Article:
Sometimes, it feels like sports are scripted. We’ve all seen it, the ‘good guy’ gets down and all hope for them seems lost. However, after we’ve already come to terms with defeat, they manage a buzzer-beater to win as the clock expires, or the opposing team just completely falls apart and defeats themselves. That’s the feeling I got after watching last Sunday’s Monster Energy Cup Series race at Kansas.
Chase Elliott, arguably the face NASCAR, found himself in a tight points battle against Brad Keselowski for the final playoff spot heading into the Round of 8.
Elliott, who was having a pretty good day at the track, found himself trailing Keselowski by just a few points. As the race was winding down, however, it looked like Elliott needed to win to advance to the next round. Elliott didn’t have the car to beat Sunday, but he managed to keep things competitive throughout the race.
A late caution forced the race to move to overtime. Elliott, who restarted second, quickly fell to third, but a wreck coming off of turn four brought out another caution, and sent the race into a second overtime.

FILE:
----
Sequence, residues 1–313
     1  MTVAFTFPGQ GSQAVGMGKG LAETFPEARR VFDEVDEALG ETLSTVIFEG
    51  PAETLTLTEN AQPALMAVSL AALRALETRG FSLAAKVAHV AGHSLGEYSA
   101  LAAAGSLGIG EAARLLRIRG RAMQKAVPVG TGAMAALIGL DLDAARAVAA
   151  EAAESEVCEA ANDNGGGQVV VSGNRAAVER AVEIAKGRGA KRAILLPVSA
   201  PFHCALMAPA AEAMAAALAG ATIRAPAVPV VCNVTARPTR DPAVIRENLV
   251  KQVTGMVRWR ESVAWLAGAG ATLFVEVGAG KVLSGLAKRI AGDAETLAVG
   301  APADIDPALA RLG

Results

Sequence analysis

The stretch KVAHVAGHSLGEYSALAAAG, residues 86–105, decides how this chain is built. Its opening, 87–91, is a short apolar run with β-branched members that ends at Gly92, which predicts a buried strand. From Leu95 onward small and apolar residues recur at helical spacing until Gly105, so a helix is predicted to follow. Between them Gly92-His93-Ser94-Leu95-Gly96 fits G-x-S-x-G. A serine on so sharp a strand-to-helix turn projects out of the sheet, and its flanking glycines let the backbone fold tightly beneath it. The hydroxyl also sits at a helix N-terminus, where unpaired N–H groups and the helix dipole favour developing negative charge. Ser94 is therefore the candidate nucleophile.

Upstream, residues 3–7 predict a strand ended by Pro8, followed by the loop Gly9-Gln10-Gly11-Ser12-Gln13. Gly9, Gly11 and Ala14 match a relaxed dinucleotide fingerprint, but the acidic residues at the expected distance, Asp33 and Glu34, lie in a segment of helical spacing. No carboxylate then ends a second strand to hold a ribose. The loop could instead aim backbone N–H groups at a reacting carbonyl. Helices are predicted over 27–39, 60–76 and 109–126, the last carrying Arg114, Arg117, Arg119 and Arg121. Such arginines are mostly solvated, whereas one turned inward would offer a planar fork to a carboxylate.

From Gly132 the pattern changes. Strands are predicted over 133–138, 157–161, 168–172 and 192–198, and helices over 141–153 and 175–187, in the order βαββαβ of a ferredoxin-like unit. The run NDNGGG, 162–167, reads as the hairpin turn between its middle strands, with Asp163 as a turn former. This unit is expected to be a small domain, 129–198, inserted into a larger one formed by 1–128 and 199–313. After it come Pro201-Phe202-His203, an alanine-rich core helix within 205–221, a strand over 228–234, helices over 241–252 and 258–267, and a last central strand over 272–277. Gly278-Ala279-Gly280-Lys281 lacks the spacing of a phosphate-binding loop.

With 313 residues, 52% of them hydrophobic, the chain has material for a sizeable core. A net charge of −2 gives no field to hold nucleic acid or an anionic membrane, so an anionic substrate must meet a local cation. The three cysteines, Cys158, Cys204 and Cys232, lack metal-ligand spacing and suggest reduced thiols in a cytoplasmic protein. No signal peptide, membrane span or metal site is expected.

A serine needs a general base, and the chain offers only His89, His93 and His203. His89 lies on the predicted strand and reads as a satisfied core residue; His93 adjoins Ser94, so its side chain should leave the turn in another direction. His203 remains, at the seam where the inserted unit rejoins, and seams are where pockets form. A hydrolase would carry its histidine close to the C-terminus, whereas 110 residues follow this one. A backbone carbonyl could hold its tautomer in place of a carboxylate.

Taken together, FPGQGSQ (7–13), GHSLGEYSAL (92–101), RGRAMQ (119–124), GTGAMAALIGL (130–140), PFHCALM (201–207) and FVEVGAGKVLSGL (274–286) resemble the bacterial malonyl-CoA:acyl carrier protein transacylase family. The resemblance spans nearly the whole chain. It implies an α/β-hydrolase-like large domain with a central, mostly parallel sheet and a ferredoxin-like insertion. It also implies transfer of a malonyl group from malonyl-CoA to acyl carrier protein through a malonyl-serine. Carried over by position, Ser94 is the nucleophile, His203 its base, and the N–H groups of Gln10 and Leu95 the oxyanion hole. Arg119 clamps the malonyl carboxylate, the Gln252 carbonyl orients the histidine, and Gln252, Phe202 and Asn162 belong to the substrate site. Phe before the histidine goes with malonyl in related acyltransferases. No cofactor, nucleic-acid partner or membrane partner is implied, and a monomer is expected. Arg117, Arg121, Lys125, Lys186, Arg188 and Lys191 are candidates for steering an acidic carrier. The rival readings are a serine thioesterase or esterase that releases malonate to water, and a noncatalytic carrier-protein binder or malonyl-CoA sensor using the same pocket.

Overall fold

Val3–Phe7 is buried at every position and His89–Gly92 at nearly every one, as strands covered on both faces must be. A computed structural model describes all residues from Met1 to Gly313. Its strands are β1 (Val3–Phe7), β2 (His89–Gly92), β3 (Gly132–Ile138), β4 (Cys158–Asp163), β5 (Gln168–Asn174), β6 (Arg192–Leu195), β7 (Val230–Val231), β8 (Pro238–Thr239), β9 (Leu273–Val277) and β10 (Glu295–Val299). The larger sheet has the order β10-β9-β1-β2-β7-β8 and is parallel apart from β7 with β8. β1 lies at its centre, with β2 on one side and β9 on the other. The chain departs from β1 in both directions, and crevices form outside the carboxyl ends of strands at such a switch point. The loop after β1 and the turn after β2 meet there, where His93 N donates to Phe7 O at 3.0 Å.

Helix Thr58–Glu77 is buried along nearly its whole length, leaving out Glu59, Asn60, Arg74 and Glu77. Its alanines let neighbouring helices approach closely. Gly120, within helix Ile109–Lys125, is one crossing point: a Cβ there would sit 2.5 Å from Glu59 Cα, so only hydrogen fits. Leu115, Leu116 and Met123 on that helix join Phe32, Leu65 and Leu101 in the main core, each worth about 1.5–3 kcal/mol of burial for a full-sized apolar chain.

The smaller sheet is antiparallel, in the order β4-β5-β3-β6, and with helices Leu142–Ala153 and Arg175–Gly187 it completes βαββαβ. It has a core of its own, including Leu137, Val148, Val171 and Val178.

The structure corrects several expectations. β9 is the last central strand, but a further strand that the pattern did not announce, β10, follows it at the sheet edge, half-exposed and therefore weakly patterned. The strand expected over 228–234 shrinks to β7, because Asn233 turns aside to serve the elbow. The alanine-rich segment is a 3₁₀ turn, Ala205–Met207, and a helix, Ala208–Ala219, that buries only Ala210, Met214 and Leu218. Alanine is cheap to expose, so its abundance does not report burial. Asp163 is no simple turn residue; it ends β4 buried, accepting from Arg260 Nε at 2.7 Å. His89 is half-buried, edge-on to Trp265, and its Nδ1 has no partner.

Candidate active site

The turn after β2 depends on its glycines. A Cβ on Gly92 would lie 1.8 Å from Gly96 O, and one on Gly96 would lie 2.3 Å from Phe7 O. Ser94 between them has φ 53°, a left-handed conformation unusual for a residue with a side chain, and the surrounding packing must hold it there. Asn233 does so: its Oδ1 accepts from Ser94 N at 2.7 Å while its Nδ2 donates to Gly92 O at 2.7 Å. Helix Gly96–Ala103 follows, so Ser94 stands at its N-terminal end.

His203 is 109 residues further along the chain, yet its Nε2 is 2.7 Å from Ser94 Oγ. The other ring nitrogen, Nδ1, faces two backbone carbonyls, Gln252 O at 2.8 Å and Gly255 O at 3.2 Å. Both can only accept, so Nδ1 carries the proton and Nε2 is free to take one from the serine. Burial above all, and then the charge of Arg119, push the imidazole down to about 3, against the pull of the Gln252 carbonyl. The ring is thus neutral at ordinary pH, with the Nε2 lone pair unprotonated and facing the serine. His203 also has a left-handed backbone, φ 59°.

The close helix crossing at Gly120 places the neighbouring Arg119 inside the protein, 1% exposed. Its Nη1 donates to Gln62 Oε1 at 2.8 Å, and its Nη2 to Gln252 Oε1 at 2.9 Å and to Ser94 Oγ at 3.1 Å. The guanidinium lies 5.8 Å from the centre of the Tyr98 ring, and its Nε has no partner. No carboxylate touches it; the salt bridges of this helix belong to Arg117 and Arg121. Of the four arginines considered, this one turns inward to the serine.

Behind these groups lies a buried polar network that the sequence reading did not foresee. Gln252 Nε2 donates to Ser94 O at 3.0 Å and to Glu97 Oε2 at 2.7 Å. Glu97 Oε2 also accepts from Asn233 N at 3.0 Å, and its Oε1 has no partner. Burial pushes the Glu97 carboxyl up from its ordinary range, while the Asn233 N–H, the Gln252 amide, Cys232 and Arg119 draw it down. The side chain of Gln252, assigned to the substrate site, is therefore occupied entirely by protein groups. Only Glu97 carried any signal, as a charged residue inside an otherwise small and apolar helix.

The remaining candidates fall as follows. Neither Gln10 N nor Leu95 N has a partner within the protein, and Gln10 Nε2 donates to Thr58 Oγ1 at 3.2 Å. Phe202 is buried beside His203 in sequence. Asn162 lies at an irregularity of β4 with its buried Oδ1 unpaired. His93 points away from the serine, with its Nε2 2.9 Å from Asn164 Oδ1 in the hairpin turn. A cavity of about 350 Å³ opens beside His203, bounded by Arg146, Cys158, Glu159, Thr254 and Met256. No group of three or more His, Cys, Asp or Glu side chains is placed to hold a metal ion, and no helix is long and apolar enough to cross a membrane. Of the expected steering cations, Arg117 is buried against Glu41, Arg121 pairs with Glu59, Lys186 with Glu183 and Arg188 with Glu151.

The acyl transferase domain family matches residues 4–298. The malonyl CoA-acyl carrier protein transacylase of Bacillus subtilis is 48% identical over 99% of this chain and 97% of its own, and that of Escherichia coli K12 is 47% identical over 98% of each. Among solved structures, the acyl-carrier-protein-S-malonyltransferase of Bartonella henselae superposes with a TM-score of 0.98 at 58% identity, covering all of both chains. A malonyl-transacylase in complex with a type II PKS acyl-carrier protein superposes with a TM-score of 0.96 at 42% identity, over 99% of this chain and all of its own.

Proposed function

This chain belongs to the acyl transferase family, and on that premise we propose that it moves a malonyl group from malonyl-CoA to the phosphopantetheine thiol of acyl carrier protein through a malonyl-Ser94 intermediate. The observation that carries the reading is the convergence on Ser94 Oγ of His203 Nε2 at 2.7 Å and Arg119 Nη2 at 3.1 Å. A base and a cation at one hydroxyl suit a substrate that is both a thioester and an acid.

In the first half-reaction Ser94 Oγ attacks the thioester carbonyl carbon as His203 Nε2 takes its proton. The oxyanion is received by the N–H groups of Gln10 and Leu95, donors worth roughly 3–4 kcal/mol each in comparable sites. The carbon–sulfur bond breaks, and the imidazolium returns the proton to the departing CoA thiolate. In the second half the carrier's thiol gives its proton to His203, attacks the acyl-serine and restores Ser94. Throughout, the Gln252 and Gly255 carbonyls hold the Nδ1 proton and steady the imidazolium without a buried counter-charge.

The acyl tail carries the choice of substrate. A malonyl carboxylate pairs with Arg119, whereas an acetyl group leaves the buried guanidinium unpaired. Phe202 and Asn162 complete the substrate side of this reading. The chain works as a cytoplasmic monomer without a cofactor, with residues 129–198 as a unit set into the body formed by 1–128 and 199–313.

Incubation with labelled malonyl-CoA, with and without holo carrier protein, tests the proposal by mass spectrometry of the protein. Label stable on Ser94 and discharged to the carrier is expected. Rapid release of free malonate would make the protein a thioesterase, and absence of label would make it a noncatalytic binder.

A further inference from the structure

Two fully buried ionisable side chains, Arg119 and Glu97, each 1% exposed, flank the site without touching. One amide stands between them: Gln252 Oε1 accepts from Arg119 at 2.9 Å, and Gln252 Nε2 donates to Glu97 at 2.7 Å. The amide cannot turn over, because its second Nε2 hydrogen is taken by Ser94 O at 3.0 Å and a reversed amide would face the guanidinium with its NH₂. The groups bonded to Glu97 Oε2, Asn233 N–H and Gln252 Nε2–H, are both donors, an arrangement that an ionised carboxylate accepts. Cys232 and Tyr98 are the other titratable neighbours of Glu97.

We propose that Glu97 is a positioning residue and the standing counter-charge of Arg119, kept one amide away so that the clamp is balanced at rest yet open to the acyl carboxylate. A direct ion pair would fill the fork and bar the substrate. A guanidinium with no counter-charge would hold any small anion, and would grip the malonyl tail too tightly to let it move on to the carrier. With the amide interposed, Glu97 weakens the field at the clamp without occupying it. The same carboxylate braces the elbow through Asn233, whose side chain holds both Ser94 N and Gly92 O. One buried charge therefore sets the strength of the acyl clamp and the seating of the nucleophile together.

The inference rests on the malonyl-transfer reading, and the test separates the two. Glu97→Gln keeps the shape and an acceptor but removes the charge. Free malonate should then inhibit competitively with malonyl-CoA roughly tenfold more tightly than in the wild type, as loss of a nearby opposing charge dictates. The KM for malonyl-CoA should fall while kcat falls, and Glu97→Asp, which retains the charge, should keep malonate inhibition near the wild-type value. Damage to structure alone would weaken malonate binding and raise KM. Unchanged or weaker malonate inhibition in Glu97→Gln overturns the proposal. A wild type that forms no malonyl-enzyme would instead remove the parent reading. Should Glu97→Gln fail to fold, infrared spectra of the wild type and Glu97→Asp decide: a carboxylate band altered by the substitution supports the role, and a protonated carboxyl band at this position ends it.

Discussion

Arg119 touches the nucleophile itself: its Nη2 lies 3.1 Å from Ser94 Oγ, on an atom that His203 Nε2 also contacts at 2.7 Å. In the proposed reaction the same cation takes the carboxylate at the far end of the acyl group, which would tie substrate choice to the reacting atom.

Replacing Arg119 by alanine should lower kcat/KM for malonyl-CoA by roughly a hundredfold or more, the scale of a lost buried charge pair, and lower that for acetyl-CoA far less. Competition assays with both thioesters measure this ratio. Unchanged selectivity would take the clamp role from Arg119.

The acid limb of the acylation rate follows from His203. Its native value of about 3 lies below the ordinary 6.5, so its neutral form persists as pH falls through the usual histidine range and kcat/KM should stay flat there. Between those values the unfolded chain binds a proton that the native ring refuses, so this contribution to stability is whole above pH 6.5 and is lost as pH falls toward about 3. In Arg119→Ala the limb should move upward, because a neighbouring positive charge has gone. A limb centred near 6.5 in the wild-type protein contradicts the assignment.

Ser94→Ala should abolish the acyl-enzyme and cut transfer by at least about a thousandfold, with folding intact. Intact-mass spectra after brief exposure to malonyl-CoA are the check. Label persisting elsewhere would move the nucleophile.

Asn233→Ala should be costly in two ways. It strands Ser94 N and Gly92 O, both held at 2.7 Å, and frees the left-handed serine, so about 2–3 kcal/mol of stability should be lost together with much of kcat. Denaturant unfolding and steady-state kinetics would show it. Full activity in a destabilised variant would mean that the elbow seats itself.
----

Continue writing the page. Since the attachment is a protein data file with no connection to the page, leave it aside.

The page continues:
Elliott moved back into second on the next restart, but he never had the opportunity to move move into first, and finished second behind Denny Hamlim. However, all was not lost.
Keselowski had a terrible restart, and ended up hitting the wall, causing him to fall back six positions.
Keselowski and Team Penske are among the best in NASCAR, and it’s almost unimaginable that they could show up to an elimination race and not compete. At the end of the day, however, I don’t believe there was any foul play involved in Elliott advancing or Keselowski’s poor performance. Things happen, and teams have bad days, no matter how good they are.